Julia’s last blog post.. The Color of Spring

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  3. Dave on April 24, 2009 at 8:52 am

    I enjoy having a lawn. I even enjoy mowing it. That’s not to say that I want it all lawn, in fact very far from it. I want more beds for perennials, a spot for fruit trees and grape vines, and shade. I’ve added all kind of spots for new plantings in the 2 years we’ve been here and plan to do much more while eliminating areas of the lawn gradually!

    Dave’s last blog post.. Making a Dry Creek Bed for Downspout Drainage

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  4. Chicago Mike on April 24, 2009 at 10:16 am

    For me a lawn serves three distinct purposes.

    1) the kids have a place to kick a ball, do cartwheels, run free without fear.

    2) its a place to expand the seating when we have a lot of people

    3) the lawn out front helps retain the value of my house. I know this will seem cynical to a lot of people, but its honest and real. I worked awful hard to have a nice house and I want to keep its value.

    With all this said, I think most of the lawn out back is going (or gone!) and I intend to reduce the amount out front.

    BTW – I HATE caring for a lawn, a lot of work for minimal return.

    ChicagoMike

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  5. Victoria on April 24, 2009 at 10:34 am

    We eliminated our front lawn years ago. Love it now.
    We keep a small piece of grass in the back garden.
    http://lifeinidaho2.blogspot.com/2009/03/looking-forward-to-spring-and-meme.html

    Victoria’s last blog post.. Seedling Update

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  6. ChristyACB on April 24, 2009 at 12:41 pm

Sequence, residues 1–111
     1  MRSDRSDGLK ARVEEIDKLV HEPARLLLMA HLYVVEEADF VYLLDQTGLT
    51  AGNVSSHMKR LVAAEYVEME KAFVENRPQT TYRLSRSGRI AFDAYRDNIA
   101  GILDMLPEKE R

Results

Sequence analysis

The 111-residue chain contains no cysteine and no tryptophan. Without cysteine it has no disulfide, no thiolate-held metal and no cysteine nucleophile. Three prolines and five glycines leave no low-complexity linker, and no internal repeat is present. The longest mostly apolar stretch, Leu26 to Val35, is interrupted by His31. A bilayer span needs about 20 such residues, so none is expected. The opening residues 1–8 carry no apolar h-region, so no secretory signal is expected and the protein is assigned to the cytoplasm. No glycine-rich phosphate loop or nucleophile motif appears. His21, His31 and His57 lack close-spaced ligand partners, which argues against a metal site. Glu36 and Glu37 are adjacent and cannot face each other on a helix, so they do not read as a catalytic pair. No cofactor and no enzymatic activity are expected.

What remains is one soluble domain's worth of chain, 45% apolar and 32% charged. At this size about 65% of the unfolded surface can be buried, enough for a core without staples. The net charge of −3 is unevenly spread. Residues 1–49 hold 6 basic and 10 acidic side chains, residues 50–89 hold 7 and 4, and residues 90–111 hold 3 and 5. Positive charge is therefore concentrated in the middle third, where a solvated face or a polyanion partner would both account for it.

My front lawn is purposefully smaller than my neighbors’. Being on the curve in the road, I could build my house forward just a smidge without notice. I keep it nice..not overly so..but nice so they don’t complain around the neighborhood. It is just right for rolling about with Beagles, kick a ball back and forth, and give that smell at night when the sun stops shining on it.

    Now the back..well…between wetlands and my gardens..nary a blade of grass can grow. :)

    ChristyACB’s last blog post.. Backyard Predatory Frenzy

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  7. Maureen on April 24, 2009 at 6:19 pm

    We took out our small patch of grass in the front yard last fall and planted lettuce and broccoli. This summer it will be tomatoes and peppers. Grass in the front just seemed a waste of space. The only lawn we have left is a small patch in the backyard (between gardens:) for the dogs to play on.

    Ditto on Mangochilds comment about seeing big expanses of grass and imagining what it would be like to have all that land….to grow food!

    Maureen’s last blog post.. Making Jam…

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  8. Sherri on April 25, 2009 at 8:02 am